After nearly going under last year, German fashion designer Wolfgang Joop is relaunching his couture label, Wunderkind. But can the veteran avant-garde designer make a comeback for Prussian fashion?
Last March, Wolfgang Joop's high-end label, Wunderkind, was sinking fast. Fashion watchers were swarming and the press was gleefully heralding its demise. The spring 2011 fashion show in Paris was cancelled, the flagship store on Berlin's Gendarmenmarkt was suddenly closed, staff was let go, and no new collection was presented. The critics seemingly had their revenge.
Now, a year later the company headquarters in Potsdam are buzzing again. Joop has bought out his partners and the company is in his hands alone. A new collection is set to be presented on May 10. The designer counters criticism by pointing to points to Chanel, Gucci and Balenciaga, saying that the resurrection of dormant fashion houses is nothing new. With his typical play on words, he explains his revival of Wunderkind with his conviction that "one cannot abandon a child."
Wunderkind was not Joop's first encounter with fashion. After building up the hugely successful brand JOOP!, he sold nearly all of his shares in the company in the late 1990s for reportedly over 75 million euros ($98 million). However, he stayed on as head designer.
In 2001, he severed all remaining ties with JOOP! and turned his attention to other interests. He tried his hand at acting, writing, sculpting and painting. Rather than simply enjoying the time off, Joop continued to think about fashion. He saw a gap between traditional prêt-à-porter and haute couture and he was determined to fill it with a new high-end, off-the-rack collection.
Shortly after founding the avant-garde label Wunderkind in 2003, he debuted its first collection in Potsdam and later went to New York Fashion Week and then to Paris. The one-of-a-kind pieces from the catwalk were then produced in limited numbers and available in select stores. Wunderkind was a hit. Many in the industry were impressed by the choices of luxurious fabrics, attention to detail and the refreshing absence of tacky logos.
Joop describes it as a "mixture between arts and crafts," alluding to the combination of artistic merit and its high level of hand-crafted workmanship.
"He has taken into account his trademark taste, which is very Prussian, yet internationally recognizable, and has now focused on couture: a small, refined fashion-couture label from Germany. This is his unique selling point," explained Ekkehart Baumgartner, head of the Academy of Fashion and Design in Munich.
But has the world been waiting for a top-line German label? "The fashion world was not waiting, but now they are waiting for the label to return," replied Joop.
Place of inspiration
After fighting pressure to move the company headquarters to Berlin, a now leaner Wunderkind team is bunkered down in Potsdam. The entire Wunderkind organization is housed in the recently restored, immaculately organized Villa Rumpf. Upstairs on the third floor is the heart of Wunderkind - a large workroom holding the draftsman's table where Joop does the quick sketches for which he is famous.
For inspiration, Wunderkind dresses from past seasons and cases full of vintage accessories surround the workroom and spill out into the stairwell. Dozens of sketches and fabric swatches are attached to walls and boards. But most of the room is just open space - space in which to move, think and create.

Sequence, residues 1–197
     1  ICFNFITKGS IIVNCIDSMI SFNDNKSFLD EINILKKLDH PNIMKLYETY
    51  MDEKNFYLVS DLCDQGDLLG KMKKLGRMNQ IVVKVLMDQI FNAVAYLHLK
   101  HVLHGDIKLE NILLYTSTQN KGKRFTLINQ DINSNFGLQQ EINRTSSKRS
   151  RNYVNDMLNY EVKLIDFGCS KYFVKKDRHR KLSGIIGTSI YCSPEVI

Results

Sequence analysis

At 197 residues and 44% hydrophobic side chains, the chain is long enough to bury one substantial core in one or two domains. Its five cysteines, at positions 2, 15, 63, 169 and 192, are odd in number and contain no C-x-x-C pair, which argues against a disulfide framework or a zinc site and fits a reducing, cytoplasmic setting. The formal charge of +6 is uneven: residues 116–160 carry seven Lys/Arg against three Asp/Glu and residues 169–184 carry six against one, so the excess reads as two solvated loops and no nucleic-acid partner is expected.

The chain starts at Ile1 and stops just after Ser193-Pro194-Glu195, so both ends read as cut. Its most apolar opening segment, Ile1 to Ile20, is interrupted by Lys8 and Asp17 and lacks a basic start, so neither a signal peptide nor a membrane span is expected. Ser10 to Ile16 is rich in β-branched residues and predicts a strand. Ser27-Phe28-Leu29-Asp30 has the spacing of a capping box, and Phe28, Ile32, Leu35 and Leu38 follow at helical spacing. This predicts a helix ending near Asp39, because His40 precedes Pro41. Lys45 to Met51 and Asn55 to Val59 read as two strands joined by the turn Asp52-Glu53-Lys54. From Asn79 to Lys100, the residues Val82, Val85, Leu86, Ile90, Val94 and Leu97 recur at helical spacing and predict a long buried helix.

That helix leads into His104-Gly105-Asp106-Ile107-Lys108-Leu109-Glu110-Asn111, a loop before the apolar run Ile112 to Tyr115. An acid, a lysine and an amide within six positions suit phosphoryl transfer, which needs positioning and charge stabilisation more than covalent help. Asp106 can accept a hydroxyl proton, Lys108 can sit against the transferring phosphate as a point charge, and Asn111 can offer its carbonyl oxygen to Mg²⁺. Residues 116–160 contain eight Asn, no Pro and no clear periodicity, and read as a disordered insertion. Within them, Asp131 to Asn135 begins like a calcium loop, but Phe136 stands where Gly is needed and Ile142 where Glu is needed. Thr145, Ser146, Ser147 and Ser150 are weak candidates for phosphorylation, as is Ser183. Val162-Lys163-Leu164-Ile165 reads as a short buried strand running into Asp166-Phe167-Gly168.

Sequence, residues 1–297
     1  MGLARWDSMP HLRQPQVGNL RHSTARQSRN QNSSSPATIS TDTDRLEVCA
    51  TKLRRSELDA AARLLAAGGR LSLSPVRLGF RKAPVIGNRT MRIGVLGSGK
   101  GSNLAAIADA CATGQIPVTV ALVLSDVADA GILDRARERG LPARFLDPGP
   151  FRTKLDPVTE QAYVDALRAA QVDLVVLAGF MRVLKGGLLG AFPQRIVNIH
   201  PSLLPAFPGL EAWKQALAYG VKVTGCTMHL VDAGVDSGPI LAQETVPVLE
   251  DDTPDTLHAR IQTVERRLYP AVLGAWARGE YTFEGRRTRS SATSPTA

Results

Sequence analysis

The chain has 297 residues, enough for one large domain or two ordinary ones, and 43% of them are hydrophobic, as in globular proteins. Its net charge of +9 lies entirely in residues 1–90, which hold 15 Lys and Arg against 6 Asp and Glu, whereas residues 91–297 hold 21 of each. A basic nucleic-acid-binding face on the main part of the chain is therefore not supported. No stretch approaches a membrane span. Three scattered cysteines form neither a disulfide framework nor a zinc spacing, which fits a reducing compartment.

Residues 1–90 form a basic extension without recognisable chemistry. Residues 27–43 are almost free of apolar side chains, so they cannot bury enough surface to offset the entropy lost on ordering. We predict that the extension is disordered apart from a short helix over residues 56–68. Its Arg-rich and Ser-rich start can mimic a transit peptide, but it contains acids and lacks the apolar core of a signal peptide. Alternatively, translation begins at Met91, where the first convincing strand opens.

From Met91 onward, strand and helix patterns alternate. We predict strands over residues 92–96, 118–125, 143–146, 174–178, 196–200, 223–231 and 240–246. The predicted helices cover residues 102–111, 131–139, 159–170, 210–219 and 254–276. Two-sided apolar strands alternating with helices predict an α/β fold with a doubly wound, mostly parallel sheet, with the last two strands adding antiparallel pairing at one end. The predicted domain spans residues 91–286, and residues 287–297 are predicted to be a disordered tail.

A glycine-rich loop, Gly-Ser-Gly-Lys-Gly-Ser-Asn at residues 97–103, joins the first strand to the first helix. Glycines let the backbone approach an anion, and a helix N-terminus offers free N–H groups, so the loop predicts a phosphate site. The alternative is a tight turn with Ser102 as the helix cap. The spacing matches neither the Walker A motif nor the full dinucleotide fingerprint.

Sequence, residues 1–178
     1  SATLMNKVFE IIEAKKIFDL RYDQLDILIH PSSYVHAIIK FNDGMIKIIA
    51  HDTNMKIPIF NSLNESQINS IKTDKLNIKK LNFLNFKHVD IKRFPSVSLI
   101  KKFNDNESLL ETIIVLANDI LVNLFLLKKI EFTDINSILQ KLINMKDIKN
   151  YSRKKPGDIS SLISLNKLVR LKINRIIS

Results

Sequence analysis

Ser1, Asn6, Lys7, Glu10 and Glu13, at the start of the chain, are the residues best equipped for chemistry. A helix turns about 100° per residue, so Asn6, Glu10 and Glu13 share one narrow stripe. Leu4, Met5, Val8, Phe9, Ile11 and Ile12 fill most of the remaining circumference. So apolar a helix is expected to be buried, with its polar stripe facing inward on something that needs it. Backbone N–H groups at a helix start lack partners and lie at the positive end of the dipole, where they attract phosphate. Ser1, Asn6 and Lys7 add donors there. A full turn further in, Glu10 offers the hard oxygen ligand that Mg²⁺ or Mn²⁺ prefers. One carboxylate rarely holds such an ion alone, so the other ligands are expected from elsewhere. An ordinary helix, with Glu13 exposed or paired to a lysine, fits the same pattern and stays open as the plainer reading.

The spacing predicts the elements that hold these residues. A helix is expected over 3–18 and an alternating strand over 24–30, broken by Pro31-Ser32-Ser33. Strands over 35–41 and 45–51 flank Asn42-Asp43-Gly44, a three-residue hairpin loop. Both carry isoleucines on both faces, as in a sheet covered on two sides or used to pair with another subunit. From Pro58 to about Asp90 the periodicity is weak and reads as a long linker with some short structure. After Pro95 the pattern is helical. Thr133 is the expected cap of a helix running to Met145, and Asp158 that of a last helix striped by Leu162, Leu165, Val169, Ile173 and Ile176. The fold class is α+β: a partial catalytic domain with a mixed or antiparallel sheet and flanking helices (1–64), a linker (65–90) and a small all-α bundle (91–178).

It is here that Joop tries to convince the world of his sense of timeless fashion. A model is wearing a work in progress and he and his close-knit creative team critique every element of the dress. This prototype is made of a simple, monotone fabric. Cut, color and fabric are exhaustively discussed. The harmony and neatness of the atelier is only disturbed by assistants who are running back and forth for this or that piece of material or sketch.
In the adjacent room, another team is cutting patterns for improvements or working on the next pieces. All these ideas are to be turned into showpieces, which make up the new collection. After being unveiled to the public the collection can then go into larger production in Italy, where most high-end, ready-to-wear products are made.
It is hard to say what stopped Wunderkind the first time, but now he and his team are determined to get things right. With the new collection he wants to not only reach the traditional European, American and Japanese markets, but also reach out to Ukraine, Brazil, India and Turkey.
"The only market which is booming is the luxury market, because there are always people who are willing to pay for it," said the designer.
Joop has not started to think about a successor, but he intentionally chose a company name that did not include his own. He would like Wunderkind to able to tap into new talent and be more than a one-man show.
"Looking at the age of the masters of fashion - Karl Lagerfeld and Giorgio Armani, both nearly 80 - there is no need to worry about Wolfgang Joop at 67," commented Baumgartner. "He still seems to be stylistically ahead of the times."
Referring to German fashion designer Jill Sander, aged 69, who just returned to her old company in the role of designer, Baumgartner added that "perhaps there is a trend even in fashion to bypass the obsession with youth and let maturity and experience take over."
Joop's revival fashion show will take place later this week at Villa Rumpf, where the inaugural collection was shown in 2003. Back then, the century-old villa was still in ruins and the clothing stood out against its ragged background. This time the villa is gleaming and the fashion must be extraordinary to stand out and convince the world that German fashion and the famous "Prussian designer" are back.
Author: Timothy A. Rooks
Editor: Kate Bowen